Sonar fails to locate Good Samaritan missing at accident scene, presumed dead in John Day River
Jan 10,2007 00:00 by Cheryl McDermott

Police officers failed in their efforts Tuesday to locate the body of a Good Samaritan motorist who is believed to have fallen off of a bridge or jumped to the icy waters of the John Day River 35-feet below in an effort to avoid being hit by a vehicle.  He had stopped to render aid to the driver of another vehicle who had crashed into the center highway divider on late Sunday afternoon.

A side-scan sonar was used Tuesday for several hours, with the device set to deploy near the bottom of the river.  It was pulled on a cable behind a boat steered by a Sherman County marine deputy, and was operated by two Multnomah County deputies assisted by an Oregon State Police sergeant.

Photo shows bridge on I-84 where the accident occurred.  OSP photo.  Inset:  John Dickinson 
Sherman County Sheriff’s deputies, OSP troopers, and the Army Corp of Engineers who operate the dam, plan to continue to search the area as weather permits.

John Dickinson, a 62-year old city councilman from Moscow, Idaho has been missing since January 7 about 6 p.m.  He had stopped to render aid to Joanne Sutton, 25, of Portland, who swerved to avoid debris that was in the roadway as she traveled west on Interstate-84.  Sutton’s 1999 Plymouth Neon struck the center divider and came to rest blocking the slow lane of the freeway.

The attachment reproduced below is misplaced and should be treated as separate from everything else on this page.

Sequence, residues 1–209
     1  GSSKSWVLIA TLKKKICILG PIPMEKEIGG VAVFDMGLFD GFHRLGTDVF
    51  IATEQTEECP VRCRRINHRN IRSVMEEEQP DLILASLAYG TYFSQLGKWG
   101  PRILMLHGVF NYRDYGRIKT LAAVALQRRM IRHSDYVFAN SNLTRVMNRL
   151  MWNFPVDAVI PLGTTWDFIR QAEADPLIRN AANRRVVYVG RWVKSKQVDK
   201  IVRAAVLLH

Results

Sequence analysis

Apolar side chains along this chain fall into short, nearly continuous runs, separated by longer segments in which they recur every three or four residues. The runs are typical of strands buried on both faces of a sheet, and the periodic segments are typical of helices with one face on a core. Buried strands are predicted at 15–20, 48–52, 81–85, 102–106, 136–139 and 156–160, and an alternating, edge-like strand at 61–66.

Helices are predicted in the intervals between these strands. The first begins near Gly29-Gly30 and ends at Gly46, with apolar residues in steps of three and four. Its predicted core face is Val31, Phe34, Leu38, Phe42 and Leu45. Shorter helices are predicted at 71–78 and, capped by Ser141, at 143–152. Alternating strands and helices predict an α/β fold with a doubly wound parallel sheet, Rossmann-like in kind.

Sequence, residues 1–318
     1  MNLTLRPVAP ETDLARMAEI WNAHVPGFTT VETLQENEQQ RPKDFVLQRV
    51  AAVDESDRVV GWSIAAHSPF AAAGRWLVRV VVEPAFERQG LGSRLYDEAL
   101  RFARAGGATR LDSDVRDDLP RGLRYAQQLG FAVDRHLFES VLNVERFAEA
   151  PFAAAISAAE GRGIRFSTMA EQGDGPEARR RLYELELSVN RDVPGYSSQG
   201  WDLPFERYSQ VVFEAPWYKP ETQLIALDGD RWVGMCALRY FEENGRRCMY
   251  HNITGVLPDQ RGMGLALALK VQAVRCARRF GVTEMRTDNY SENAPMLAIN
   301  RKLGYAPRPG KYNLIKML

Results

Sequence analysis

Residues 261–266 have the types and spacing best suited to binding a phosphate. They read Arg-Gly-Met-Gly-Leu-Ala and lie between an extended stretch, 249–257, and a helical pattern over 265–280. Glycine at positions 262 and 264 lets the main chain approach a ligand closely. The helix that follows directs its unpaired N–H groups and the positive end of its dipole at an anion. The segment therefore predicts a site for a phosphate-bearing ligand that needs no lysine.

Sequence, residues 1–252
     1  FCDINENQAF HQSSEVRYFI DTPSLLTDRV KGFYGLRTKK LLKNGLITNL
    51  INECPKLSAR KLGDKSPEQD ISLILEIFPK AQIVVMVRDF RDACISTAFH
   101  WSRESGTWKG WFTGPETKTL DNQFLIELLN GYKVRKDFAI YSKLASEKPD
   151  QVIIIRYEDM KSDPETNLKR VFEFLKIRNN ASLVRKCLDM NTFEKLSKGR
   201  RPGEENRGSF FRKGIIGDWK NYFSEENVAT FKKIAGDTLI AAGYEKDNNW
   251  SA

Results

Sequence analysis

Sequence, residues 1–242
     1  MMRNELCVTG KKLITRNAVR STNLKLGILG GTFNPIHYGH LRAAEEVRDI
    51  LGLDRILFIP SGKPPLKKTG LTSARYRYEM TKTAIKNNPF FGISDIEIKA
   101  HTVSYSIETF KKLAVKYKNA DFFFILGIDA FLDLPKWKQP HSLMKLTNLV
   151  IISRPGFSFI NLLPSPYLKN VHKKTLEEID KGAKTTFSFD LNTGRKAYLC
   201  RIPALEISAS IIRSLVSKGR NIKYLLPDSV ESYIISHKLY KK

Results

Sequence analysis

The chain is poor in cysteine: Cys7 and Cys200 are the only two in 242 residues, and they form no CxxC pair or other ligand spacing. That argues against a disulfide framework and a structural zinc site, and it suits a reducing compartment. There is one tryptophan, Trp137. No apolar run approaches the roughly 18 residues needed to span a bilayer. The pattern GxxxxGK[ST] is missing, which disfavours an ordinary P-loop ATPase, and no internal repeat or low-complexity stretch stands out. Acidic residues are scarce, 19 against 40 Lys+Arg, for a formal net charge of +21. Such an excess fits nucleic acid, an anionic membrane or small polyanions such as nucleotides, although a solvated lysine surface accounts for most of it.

Dickinson stopped behind the crashed vehicle, and when he was aiding Sutton his Mini Cooper was struck from behind by a 1969 Pontiac Firebird driven by 42-year old David Grant of Portland.

Following the accident, OSP determined that Dickinson was missing and could not be accounted for.  Because the accident occurred on a bridge spanning the mouth of the John Day River, police believe it is likely Dickinson either jumped or fell over the 3.5-foot tall concrete bridge railing.

A Sherman County Sheriff’s office patrol boat searched the John Day River and portions of the Columbia River without success, and OSP troopers using FLIR (thermal imaging and infrared cameras) and night vision devices also searched the shoreline in the accident scene area.  By late Monday the operation was called a recovery effort.